Discrimination and inhumane treatment meted against minority groups in Uganda especially transgender people is far-reaching, and this has raised alarm among rights groups. This mistreatment is due to wide stereotyping by the general public against transgender groups and this spectacle has infiltrated the media as well.
However, cases of biased reporting by mainstream media against these groups is patchy and social media, comprised of unprofessional citizen journalists takes a lion’s share in the blame for demonizing the transgender fraternity in Uganda.
In its broadest sense, the term transgender denotes a person whose sense of personal identity and gender doesn’t correspond with their birth sex and does not entail abnormality.
These minority groups have faced increasing discrimination in health care services and harassment from unprofessional media and police. For instance; on April 3rd, 2020, Human Rights Watch, a global human rights network published a report in which Ugandan police, under the guise of enforcing Covid 19 rules, arrested 23 people living in a shelter for homeless people in Nsangi, Wakiso district. Among them, were transgender beings who were subjected to torture and anal examinations, against their consent.
Worse still, these minors have gone through decades of mistreatment by the general public. This includes collective rape, mob justice, unlawful house evictions, biased reporting and subjective anal tests. Such inhumane treatment has climaxed into these people fleeing their families, choosing to stay in NGO camps, while others have committed suicide.
In his article titled Free PMC, Tonny Sekamate a renown Ugandan activist explained that transwomen are 49 times more at risk of HIV infections compared to the general population, due to the fact that they are underserved and continue to grapple with access to, and utilisation of HIV prevention services.
“They are stigmatized and unrecognised by health service providers and other key population groups, including breach of confidentiality by health care service providers,” stated his article.
This blatant violation of their rights and ill-treatment was a wake-up call for activists to fight for the rights of these people. For instance; after realising that such injustices were being meted against transwomen, Tushabe Beyonce, a transwoman started an organisation called Transgender Equality in Uganda (TEU) in April 2011, to advocate for rights and equal treatment of transwomen in all life sectors across the country.
This was based on the tenets of the 1995 Ugandan constitution, which guarantees the rights of all persons, regardless of their sexual identity.
Important still, other world laws emphasize the absolute nature of human rights, for instance; the 1948 United Nations universal declaration of human rights.
However, the government’s double standard attitude towards complying with these laws has sent a tremor across human rights activists, whose major aim is to see to it that fundamental human rights are respected by state agencies.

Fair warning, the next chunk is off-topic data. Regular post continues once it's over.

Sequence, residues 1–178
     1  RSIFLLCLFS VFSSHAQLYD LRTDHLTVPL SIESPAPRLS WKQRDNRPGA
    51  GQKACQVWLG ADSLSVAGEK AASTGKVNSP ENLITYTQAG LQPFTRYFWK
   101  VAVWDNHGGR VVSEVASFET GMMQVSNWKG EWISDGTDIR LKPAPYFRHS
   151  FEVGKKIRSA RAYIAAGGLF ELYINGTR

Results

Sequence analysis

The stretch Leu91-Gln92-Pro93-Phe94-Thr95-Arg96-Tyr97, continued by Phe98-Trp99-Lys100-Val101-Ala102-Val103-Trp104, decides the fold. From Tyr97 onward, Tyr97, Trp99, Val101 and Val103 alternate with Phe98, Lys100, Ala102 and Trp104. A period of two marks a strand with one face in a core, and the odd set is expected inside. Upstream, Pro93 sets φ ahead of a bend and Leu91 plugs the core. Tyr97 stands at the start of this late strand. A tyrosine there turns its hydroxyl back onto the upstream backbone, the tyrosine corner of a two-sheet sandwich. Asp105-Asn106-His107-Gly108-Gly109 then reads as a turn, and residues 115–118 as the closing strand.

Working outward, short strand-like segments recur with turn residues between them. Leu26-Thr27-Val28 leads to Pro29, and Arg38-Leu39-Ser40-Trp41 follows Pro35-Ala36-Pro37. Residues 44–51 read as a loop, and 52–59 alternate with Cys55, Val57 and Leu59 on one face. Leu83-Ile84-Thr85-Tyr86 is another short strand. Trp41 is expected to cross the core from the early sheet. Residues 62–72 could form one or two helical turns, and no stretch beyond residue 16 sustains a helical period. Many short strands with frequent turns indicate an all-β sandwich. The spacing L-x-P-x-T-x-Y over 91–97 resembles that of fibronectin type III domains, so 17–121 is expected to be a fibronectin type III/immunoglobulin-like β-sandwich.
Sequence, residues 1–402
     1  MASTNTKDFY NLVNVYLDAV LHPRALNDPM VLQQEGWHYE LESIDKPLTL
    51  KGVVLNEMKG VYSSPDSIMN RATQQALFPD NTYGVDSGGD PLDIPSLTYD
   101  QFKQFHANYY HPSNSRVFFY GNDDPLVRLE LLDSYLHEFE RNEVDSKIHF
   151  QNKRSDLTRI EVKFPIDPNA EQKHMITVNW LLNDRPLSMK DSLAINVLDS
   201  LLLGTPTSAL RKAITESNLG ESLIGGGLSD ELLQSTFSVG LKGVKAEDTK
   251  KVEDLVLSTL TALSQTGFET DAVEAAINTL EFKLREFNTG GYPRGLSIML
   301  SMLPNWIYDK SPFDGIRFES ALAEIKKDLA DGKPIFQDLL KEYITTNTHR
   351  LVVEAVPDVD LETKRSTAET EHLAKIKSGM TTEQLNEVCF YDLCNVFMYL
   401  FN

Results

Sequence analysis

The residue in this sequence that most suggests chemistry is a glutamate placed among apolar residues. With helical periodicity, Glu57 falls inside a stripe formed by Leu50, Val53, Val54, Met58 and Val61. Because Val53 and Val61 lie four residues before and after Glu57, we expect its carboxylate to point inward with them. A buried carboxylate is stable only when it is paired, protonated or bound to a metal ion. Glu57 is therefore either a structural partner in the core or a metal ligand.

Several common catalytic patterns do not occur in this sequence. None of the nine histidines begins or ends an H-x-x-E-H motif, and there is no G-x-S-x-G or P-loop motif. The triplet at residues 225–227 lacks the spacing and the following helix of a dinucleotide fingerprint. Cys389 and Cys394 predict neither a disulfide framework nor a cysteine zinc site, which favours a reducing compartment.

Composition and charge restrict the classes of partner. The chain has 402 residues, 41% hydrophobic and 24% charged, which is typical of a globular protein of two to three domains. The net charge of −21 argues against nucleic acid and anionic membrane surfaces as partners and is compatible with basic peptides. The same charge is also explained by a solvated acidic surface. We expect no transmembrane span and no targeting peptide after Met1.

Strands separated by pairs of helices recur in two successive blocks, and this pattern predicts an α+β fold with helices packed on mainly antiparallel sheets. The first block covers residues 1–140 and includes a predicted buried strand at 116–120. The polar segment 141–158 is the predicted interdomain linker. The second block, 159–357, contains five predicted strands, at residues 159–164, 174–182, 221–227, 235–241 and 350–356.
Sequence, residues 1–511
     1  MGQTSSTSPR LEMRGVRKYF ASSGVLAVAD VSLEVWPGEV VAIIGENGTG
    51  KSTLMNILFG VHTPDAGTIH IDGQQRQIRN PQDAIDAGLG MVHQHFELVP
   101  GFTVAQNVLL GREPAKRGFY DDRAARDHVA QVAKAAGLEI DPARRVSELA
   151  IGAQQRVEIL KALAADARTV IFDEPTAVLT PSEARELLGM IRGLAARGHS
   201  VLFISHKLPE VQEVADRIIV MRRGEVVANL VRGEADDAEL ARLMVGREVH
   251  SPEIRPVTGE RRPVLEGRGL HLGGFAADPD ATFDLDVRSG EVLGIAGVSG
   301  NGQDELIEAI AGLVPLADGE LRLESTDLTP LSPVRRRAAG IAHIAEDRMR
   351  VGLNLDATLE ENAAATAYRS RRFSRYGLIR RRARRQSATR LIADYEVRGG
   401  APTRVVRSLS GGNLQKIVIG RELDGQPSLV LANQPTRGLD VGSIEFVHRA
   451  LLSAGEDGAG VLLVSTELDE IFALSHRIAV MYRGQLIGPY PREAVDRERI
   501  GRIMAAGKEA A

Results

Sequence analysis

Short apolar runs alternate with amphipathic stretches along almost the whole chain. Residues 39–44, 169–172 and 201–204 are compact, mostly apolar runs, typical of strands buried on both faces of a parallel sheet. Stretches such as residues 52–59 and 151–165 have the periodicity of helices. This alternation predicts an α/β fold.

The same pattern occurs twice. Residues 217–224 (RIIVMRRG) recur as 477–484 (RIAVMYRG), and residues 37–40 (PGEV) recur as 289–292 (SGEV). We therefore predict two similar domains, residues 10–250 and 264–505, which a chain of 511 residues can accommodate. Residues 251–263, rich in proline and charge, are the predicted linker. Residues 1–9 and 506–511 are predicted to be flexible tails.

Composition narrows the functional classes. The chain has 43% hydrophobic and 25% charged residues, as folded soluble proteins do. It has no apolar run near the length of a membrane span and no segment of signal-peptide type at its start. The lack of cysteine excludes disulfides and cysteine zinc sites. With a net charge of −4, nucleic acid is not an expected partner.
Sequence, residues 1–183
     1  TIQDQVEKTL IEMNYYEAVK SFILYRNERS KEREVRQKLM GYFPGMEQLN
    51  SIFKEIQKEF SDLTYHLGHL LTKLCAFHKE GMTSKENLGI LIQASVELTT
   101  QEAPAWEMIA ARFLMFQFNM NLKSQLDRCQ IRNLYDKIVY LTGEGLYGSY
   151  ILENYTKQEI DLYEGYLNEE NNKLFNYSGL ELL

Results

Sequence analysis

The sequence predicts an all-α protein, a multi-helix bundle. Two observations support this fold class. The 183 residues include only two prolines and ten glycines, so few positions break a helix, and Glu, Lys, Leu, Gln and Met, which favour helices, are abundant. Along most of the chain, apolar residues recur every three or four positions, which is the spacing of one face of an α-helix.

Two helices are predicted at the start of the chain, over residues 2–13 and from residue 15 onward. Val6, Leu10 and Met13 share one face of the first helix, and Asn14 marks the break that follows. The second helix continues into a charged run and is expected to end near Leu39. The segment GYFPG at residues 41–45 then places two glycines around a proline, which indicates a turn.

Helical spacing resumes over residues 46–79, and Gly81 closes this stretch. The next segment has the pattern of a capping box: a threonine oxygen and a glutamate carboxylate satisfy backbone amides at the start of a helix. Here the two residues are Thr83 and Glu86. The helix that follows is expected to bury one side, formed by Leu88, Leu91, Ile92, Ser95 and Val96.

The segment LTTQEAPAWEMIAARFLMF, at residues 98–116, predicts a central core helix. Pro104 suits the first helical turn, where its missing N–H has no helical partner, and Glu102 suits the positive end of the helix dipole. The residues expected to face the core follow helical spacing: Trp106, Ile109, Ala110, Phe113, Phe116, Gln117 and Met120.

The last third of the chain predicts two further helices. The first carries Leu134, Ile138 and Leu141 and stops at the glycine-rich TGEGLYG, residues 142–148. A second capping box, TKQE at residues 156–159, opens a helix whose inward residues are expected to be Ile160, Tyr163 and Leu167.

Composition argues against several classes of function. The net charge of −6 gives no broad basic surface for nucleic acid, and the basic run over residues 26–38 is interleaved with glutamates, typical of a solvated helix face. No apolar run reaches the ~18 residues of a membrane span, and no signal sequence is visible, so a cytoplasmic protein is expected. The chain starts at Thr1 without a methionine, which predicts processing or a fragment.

The situation is worse in the capital Kampala, where transwomen and men face stigma, high HIV acquisition and limited access to health services. To address this, Ms Beyonce took it upon herself, to empower and mobilise transwomen in Kampala towards the awareness of their rights, acquisition of better public services and empowerment in the economic divide.
Another organisation named Anna Foundation was instituted by Ms Anna Morena in 2018, to see to it that transgender people realise the importance of life on planet earth. A highly ambitious and visionary Anna sees the establishment of her organisation as a lifeline for the transgender divide. She envisions fair treatment of these minors, promotion and respect for their rights by government agencies, including security, and non-governmental platforms like private media.
Worth mentioning, her foundation is scathed by unethical and unprofessional reporting on transgender cases, in which such groups have not been given fair coverage in case of any controversy that attracts Media attention. Having been treated with contempt by the public and security, these minors had their last hopes in media and human rights groups to attain justice.
However, their hopes had started to dwindle as there were reports of unfair media coverage, of incidents involving these minors, like failure to hide their identity in extreme cases. Clarifications by Journalism students from Makerere University during conversations with members of Anna foundation defused this tension. A consensus was reached, that it’s social media and unprofessional journalists who demonize these minors, coupled with editorial interference in the independent work of professional reporters.
During the same conversations, Wanyenya Edith, a second-year student of Journalism and Communication at Makerere University hinted at the need to engage influential groups in society such that transgender people are free from any forms of discrimination and maltreatment.
She also emphasised the need to engage various media houses such that stories concerning such groups of people are given fair coverage. “There is a need to bring different media personnel on board, such that an agreement is reached at, leading to objective reporting on matters concerning transgender groups,” said Edith as she charted with members of the Anna Foundation at a certain undisclosed location and date, due to security issues.
In the final analysis, there is a need for powerful groups in society to provide innovative, tailored and comprehensive support for this marginalised population. This includes economic empowerment, fair media coverage, equal access to medical services such as counselling, equal access to employment opportunities, equal opportunities in decision making, such that these people realise the importance of life on planner earth.
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